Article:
There are few man-made structures in Yellowstone National Park that can even begin to rival the beauty and awe of the geysers, great views, and large, robust animals roaming the roadsides and backcountry areas. Only three come to mind. One is the historic Old Faithful Lodge Inn built of lodgepole pine and secured by peg and notch. Another is the yellow and white-trimmed Lake Hotel. The third man-made structure worth experiencing is the steel suspension bridge that crosses the Black Canyon of the Yellowstone on the Hellroaring Creek Trail. Only hikers can cross the bridge and the view down into the gorge below is one of a kind.
What Makes It Great
For the first mile, the Hellroaring Creek Trail winds through lodgepole pine forest and sagebrush. The roar of the approaching river can be heard as the same time the bridge comes into view. The suspension bridge itself crosses the Yellowstone River and the gorge the river creates below is known as the Black Canyon of the Yellowstone. While crossing, one can feel the sway and stretch of the bridge’s steel cables and beams. Look for osprey perched above the cliff faces or hovering in mid-air scanning the rapids below for fresh trout. Osprey, a large white and grey colored raptor, or bird of prey, exclusively dine on fish.
There are two junctions along this trail.The first heads toward Tower, just before the bridge, and the second heads up Coyote Creek just after the bridge. Bear left at each junction.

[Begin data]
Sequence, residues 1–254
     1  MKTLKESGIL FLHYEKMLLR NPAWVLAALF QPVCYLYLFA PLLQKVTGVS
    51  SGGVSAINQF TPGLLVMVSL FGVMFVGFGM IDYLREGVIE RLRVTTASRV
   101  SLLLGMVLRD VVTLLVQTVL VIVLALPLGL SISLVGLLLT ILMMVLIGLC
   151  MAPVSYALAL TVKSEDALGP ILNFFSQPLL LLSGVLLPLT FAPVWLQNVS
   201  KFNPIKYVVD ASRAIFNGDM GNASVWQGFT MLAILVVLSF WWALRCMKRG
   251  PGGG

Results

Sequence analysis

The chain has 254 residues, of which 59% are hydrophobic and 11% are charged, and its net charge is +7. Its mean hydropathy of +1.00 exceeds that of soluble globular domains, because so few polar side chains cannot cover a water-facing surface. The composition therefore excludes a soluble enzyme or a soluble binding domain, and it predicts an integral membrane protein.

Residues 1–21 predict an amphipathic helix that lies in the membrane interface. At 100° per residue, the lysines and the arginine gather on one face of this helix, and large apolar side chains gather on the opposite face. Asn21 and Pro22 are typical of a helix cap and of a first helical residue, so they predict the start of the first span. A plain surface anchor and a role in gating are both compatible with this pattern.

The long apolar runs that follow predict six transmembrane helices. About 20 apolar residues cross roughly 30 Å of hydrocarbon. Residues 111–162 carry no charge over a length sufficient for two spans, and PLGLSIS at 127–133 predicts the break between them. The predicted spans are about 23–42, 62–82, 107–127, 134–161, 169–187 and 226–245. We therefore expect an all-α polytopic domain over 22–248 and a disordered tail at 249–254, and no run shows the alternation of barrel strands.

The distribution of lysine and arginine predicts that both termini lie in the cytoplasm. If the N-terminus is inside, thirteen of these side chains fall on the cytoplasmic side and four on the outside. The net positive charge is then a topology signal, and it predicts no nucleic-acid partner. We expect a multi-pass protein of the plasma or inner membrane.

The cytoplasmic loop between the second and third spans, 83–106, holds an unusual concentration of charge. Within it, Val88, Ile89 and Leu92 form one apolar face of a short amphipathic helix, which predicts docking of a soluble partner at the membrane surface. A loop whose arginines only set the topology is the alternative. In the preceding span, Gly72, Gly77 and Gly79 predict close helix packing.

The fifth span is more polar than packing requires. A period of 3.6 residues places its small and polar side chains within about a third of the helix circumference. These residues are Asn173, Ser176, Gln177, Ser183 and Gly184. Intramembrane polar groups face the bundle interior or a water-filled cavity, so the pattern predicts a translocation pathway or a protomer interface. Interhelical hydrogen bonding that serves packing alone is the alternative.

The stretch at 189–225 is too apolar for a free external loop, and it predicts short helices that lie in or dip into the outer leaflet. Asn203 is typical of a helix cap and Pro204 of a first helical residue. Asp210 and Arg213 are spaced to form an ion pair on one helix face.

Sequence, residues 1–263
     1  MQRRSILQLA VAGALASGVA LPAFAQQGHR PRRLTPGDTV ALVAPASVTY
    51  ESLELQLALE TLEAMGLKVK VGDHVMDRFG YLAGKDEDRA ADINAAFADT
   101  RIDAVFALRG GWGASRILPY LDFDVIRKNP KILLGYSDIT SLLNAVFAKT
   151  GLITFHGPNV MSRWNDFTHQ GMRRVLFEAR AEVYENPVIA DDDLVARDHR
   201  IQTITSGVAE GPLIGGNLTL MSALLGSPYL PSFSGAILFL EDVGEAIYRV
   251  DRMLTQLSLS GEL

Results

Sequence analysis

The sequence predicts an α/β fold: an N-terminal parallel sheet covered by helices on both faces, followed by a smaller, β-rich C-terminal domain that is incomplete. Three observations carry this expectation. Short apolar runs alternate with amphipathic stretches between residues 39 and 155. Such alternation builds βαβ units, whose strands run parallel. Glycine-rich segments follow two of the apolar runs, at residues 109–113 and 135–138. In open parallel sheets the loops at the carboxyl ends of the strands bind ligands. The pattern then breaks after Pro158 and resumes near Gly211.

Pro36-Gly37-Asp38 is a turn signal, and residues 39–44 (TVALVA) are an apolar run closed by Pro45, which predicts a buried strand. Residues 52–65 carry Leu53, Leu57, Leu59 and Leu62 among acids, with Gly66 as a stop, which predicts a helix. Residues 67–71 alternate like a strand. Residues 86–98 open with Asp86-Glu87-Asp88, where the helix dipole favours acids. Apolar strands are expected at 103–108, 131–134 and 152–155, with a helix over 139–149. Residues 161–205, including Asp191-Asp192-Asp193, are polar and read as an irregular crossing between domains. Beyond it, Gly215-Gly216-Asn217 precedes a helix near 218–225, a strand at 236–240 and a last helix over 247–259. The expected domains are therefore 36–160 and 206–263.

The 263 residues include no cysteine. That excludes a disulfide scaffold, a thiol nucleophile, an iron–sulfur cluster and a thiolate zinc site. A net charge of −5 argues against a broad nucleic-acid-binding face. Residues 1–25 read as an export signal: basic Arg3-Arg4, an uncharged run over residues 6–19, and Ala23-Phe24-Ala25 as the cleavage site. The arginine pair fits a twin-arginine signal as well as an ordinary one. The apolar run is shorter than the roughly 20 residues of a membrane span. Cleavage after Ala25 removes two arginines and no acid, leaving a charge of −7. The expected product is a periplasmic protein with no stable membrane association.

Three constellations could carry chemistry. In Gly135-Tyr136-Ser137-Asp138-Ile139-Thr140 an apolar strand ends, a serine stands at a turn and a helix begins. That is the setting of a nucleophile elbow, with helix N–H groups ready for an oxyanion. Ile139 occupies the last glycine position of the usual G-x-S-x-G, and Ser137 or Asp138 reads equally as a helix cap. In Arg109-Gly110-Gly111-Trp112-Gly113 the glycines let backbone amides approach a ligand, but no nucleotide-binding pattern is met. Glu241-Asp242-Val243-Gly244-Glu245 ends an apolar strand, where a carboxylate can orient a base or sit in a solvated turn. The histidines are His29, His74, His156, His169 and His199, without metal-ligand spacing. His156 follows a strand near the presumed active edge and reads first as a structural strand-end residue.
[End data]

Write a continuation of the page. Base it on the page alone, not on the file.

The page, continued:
Beyond the bridge the trail continues another mile to Hellroaring Creek. This is a great spot for lunch before turning back and returning to the trailhead. For those wishing to explore farther, the trail continues another 1.5 miles to a footbridge over the swift, rushing Hellroaring Creek.
Who is Going to Love It
Those seeking a bit of adventure, or a great photo opportunity away from the crowds will love the Hellroaring Creek Trail. The suspension bridge looks like something out of a movie and crossing it can be fun and exhilarating. The bridge is extremely safe.
First time backpackers will also love this trail with the short hike to six well-marked backcountry campsites along Hellroaring Creek.
Anglers will also love exploring Hellroaring Creek up to the footbridge and beyond; Hellroaring Creek is known to hide some very large trout.
Directions, Parking, & Regulations
From the Tower Junction: Drive 3.7 miles west and turn into the Hellroaring Creek trailhead. The actual trail begins .3 miles down a dirt service road. Parking is free with an Entrance Pass.
Please respect wildlife and maintain the required distances from all Yellowstone wildlife. It is illegal to approach or remain within 100 yards of bears or wolves. All other animals must be within 25 yards.
Backcountry camping in Yellowstone National Park requires a backcountry permit. Backpackers can only stay in designated locations that are subject to reservation. Please follow all Leave No Trace guidelines as well.
Fishing in Yellowstone National Park requires lead-free tackle and a valid Yellowstone National Park fishing permit. Please clean all waders, boots, boats, and other fishing equipment before entering the park to reduce the spread of Aquatic Nuisance Species.